Rosalyn Drexler, Marilyn Pursued By Death, 1963, acrylic and paper collage on canvas, 50” x 40″, courtesy of the artist.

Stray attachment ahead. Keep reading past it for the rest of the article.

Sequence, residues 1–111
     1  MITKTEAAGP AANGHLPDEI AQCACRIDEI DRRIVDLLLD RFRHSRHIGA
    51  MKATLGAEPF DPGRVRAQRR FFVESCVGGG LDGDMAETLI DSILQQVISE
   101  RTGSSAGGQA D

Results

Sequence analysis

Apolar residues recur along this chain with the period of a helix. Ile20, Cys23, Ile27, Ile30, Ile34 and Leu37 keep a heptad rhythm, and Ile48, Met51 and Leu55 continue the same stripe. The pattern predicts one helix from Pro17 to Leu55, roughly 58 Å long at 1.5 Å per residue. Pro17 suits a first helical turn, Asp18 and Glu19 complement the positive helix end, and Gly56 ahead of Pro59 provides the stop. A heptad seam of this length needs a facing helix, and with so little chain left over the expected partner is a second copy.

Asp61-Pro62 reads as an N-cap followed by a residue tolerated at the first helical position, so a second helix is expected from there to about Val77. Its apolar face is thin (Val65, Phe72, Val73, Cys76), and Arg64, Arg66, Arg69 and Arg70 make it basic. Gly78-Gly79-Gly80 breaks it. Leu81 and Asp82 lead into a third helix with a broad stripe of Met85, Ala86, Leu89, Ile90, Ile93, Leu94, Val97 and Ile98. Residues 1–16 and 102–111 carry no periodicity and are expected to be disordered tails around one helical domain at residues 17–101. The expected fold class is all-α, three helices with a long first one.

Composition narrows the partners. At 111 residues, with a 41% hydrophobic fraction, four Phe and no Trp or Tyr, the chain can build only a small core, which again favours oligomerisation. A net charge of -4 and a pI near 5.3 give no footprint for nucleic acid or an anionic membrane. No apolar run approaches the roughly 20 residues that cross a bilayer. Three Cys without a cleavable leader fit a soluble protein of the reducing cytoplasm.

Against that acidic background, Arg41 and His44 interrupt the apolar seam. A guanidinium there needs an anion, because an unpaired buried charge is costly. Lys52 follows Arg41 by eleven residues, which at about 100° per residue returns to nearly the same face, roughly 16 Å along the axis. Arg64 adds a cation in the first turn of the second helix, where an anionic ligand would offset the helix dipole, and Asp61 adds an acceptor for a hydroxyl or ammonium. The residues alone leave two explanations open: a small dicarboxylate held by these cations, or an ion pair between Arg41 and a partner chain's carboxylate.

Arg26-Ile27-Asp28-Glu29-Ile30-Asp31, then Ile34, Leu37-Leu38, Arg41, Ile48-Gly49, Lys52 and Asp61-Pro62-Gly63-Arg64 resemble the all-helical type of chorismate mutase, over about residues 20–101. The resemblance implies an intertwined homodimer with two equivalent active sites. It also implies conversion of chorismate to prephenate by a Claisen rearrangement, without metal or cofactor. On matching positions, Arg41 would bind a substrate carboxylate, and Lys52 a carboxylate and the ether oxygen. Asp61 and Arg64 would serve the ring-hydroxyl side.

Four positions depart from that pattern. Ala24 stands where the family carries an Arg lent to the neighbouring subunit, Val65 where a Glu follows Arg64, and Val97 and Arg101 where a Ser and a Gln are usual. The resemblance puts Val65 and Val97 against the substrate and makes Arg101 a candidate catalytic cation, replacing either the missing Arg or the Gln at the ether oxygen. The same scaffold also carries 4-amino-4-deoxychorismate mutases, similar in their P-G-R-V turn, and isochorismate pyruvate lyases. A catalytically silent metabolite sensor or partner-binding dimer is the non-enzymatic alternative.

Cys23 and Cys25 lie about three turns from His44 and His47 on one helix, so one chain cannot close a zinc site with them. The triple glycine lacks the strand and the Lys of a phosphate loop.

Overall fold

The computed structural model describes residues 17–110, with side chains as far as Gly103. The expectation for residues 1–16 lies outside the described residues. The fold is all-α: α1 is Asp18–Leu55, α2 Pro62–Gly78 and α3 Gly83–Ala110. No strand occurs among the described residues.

Men confront us in Rosalyn Drexler’s paintings and collages, and they confront themselves. They cross women’s lives. Their look, their obsessions, fantasies, and fears are routed into Drexler’s painting from the pages of pulp detective novels, tabloid journalism, and from television and gangster B-movies. While biology may determine sex, culture fashions gender. That is, society and history make the man. But to what ends? Drexler’s paintings reveal the purposes and the fall of man at the end of the millennium. They combine Pop Art and geometric abstraction to frame society’s understanding of itself as mediated through the theater of pop-cultural representation.